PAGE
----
Wayward Kitsune

Book Review: City Of Stairs

City of Stairs - Robert Jackson Bennett

I have to be honest here. When I signed up for an account on Blogging for Books, my intent was to look for an ARC of a book that I really wanted. I made a request on EW but sadly, got rejected. Driven by a sick obsession, I sought Blogging for Books in the hopes that I might find what I’m looking for there. Obviously, my search failed and I end up with City Of Stairs. Yeah, I know, I could have just walk away without adding another ARC to my staggering TBR pile but I need to try the site and see how it works, build some reviewing cred… yada…yada… There weren’t a lot of choices because some of the titles being offered were horror, zombie stuff and other titles that really didn’t catch my attention. City of Stairs was the best choice because it belongs to my favorite genre, Fantasy (Although I would learn later that the author does not have a specific genre for City of Stairs. Here’s the post if you’re interested in reading it: The Genre Fountain). Prior to requesting the book, I’ve already read a wonderful review of it a month before. That review has made me consider picking up the book but I didn’t anticipate that it would be this soon. Well, what I can say right now is that: Thank heavens for making me pick the e-ARC asap! City of Stairs has just compensated for all the other ARCs (10 of them and still counting) that greatly disappointed me this year. City of Stairs is utter perfection!

I don’t even know where to start or how to write this review without spoiling everyone or bore you with my wax poetic. All I know is that City of Stairs is a mix of everything. It can be considered as whodunit, mythopoeia, epic fantasy, thriller…you get the idea. At the wrong hands, City of Stairs would have tremendously flopped considering that there’s an impression that the author was trying to cram a lot of things into the story. But OMG, City of Stairs was gold! It’s a one stop shop for readers who are into detective stuff, mythology, fantasy, steampunk, and all that jazz.


The City Of Stairs started with a curious air as I was immediately thrown into a scene on what is clearly an ongoing case on a courtroom. Then things got more interesting when the trial was suddenly disturbed by a shocking news. Efrem Pangyui, the famous Saypuri historian, was murdered. The horrendous event immediately set things in motion. Our main character, Shara Thivani, who is a close friend of Efrem immediately travelled to the capital city of the Continent, Bulikov. Pretending to be a lowly Cultural Ambassador, Shara is actually one of the greatest spies of Saypuri, a nation that was once a slave to the Continent. Once Shara and her bodyguard started to unearth the mystery surrounding Efrem’s death, trouble—as big as the gods themselves—instantly ensued.


While reading the City of Stairs, I really expected that I will get bored at some point. I mean, this book is about gods, history of Saypur and the Continent, etc., which for the average reader (like me) are already perfect ingredients for a certified boring book riddled with annoying infodumps. Gladly, Bennett was able to use the said ingredients with great mastery that the book is either or more than perfection.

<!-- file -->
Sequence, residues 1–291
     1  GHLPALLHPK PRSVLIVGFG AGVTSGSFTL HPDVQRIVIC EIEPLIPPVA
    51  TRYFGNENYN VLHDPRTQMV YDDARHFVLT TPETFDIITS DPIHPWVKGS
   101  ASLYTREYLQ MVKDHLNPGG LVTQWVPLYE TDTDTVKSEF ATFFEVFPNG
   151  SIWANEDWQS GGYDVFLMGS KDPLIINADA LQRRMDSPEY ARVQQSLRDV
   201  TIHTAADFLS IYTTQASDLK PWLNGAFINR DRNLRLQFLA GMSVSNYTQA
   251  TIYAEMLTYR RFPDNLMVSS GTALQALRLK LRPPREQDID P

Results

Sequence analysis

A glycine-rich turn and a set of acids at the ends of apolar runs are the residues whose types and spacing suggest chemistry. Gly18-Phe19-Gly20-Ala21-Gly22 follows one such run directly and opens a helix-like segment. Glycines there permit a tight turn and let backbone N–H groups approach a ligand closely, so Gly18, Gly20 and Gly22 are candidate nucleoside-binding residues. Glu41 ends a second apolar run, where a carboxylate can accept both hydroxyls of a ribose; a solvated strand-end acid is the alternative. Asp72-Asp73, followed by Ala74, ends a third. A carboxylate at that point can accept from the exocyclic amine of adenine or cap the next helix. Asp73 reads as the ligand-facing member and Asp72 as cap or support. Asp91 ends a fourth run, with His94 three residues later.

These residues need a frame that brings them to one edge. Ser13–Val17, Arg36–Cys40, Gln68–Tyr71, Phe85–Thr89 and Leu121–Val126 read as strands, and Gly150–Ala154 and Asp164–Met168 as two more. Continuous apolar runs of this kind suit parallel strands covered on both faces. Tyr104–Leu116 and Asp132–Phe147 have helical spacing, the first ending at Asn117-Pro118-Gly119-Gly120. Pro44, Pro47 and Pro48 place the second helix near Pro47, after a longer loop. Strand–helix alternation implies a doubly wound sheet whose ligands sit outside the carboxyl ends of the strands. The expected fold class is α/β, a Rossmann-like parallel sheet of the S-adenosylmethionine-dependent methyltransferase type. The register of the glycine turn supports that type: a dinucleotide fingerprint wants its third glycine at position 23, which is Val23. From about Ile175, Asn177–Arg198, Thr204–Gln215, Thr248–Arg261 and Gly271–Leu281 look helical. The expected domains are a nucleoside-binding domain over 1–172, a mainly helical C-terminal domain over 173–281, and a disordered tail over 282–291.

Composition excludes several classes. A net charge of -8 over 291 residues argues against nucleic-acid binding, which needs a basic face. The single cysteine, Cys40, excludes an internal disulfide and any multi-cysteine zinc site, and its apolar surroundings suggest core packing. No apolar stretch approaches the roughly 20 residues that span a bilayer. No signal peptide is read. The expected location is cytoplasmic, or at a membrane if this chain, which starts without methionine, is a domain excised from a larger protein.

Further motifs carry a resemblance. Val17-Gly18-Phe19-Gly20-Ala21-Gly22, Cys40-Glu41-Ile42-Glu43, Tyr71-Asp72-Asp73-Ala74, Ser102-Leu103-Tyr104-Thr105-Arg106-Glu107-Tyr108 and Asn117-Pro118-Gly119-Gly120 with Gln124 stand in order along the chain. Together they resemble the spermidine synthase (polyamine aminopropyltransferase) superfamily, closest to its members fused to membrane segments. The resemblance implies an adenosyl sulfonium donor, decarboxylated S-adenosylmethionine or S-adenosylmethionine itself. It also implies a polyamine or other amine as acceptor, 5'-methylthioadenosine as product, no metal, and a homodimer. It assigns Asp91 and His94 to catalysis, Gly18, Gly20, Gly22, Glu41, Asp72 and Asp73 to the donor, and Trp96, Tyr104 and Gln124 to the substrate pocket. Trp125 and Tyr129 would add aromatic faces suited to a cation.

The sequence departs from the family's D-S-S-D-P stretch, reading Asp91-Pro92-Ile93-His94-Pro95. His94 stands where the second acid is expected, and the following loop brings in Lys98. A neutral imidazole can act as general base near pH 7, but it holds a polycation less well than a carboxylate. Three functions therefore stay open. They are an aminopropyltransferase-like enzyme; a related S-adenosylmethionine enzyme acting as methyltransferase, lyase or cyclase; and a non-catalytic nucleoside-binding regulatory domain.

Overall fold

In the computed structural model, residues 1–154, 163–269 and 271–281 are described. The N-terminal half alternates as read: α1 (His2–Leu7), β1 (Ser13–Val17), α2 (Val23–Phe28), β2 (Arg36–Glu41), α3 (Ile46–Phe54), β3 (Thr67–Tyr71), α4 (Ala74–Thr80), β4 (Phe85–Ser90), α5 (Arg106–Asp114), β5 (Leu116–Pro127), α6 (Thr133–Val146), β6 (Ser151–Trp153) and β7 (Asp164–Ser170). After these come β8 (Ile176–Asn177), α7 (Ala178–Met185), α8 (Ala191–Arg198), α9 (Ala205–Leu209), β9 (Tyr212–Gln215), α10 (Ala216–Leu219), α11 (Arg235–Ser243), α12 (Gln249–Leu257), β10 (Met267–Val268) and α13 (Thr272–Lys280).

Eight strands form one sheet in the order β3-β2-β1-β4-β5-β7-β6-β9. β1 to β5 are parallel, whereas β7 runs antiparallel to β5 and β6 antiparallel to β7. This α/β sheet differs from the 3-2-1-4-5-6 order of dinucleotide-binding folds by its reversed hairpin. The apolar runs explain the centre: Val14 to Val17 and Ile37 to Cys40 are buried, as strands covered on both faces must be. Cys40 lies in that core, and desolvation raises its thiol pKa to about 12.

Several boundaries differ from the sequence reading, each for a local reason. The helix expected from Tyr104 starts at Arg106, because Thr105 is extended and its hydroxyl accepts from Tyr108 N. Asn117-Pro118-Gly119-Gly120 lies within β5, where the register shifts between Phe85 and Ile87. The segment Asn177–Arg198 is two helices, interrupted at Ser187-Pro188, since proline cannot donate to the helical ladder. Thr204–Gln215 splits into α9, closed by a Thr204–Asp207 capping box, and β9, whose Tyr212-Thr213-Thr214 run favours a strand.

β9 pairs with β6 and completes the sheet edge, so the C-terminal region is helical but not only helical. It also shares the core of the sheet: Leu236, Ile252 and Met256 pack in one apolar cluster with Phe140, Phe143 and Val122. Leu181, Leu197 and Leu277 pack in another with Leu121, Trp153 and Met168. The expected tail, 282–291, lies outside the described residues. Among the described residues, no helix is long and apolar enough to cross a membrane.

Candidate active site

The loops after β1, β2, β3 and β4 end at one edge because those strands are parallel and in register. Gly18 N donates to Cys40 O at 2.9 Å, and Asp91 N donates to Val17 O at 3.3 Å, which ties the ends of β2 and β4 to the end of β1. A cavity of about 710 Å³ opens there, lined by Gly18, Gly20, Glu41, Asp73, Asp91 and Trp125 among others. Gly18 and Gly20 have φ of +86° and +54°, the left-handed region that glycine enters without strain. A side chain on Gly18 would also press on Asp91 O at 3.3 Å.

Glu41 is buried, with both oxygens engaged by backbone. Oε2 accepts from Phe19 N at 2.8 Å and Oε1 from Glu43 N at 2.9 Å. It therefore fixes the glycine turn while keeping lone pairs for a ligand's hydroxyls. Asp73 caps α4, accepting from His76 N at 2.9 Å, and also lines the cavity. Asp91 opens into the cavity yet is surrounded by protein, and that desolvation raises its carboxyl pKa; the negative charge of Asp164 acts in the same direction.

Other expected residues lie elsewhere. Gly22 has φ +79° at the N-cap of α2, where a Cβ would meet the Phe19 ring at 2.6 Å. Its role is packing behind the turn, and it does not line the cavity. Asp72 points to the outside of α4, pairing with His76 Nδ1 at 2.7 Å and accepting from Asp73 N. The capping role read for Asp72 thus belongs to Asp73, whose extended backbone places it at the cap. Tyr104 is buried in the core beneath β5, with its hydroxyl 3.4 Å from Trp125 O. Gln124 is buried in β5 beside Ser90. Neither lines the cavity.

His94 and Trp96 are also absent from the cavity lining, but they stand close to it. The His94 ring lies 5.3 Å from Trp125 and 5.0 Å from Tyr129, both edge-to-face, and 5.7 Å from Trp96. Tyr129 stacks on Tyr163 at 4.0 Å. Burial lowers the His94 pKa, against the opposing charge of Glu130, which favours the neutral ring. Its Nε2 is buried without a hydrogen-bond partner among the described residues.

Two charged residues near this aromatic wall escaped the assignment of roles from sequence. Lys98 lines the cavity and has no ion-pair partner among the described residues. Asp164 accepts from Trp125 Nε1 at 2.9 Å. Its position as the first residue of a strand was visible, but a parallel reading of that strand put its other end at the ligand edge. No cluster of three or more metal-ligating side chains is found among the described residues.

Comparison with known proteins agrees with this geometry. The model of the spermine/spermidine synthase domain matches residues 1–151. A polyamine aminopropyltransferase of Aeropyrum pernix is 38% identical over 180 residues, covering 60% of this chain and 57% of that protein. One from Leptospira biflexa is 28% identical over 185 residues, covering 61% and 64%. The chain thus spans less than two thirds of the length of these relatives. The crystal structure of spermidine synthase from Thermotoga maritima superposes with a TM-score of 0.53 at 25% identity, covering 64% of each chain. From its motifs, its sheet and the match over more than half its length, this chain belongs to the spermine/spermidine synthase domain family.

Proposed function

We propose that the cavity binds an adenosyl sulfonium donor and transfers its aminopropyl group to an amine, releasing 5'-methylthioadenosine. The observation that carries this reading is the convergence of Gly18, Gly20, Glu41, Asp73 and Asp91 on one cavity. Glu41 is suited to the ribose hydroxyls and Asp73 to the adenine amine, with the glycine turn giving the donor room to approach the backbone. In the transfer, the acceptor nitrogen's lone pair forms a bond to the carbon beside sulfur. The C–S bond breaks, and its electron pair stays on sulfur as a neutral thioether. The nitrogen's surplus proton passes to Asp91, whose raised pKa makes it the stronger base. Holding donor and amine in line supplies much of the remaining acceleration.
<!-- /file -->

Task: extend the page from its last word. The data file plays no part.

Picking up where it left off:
We’ve got characters that are worth rooting for. Pardon if I will get some of their names misspelled as they are really weird. The main character, Shara, is such a brilliant detective. How do I even describe her deduction skills? Maybe not as awesome as Sherlock Holmes’ but Robert Langdon’s perhaps. I love the way she processes her thoughts. And although she possesses the usual characteristics (no curves, small, bookworm, brilliant, straight A student) of the special snowflakes that littered our YA books today, she’s different in the sense that she doesn’t wallow on inferiority complex bullshit and if she has a task at hand, instead of moaning (i.e. I can’t do this! I am not powerful enough!) she will see it through with total composure. Absolutely no backing down or even attempts of doing so despite the fact that some of the consequences of her actions were killing her inside.

Then of course, would I forget Sigrud? Okay, I don’t want to describe how awesome he is and make this review longer than it is but he really made me cry and laugh at the same time. Dear Lord, this is emotional puppetry at its best. The other characters, including the Gods, were memorable as well. There’s Mulaghesh, Pitry, Votrov…blah blah blah.
The world building was mindblowing without the author resorting to infodump. Everything about the world, the gods, the culture, the religion, the history unraveled in sufficient increments to give the reader enough time to appreciate the whats, wheres, whens, hows, and whys of the story.

The plot is also praiseworthy. All throughout the book, my mind was not only busy deducting who killed Efrem but I was also busy thinking about the mysterious Kaj, how he killed the Gods, etc. There was never a moment that I got bored with City of Stairs and I would have finished it one sitting if I wasn’t so busy with work and school.


I don’t know if this is still worth mentioning but the romance or a hint of it was heartwrenching. I really hoped to the gods that Shara and her romantic interest (despite his true self) would have at least some sort of an HEA.


Okay, I need to end this now. Summing it up, City of Stairs, despite being a standalone and only told in 300+ pages, managed to tell a story with tremendous character development, tightly woven plot, and magnificent world building. It is a masterpiece worthy of standing ovation. BOW!

***A free e-ARC was provided by the publisher through Blogging For Books in exchange for an honest review! Thank you!***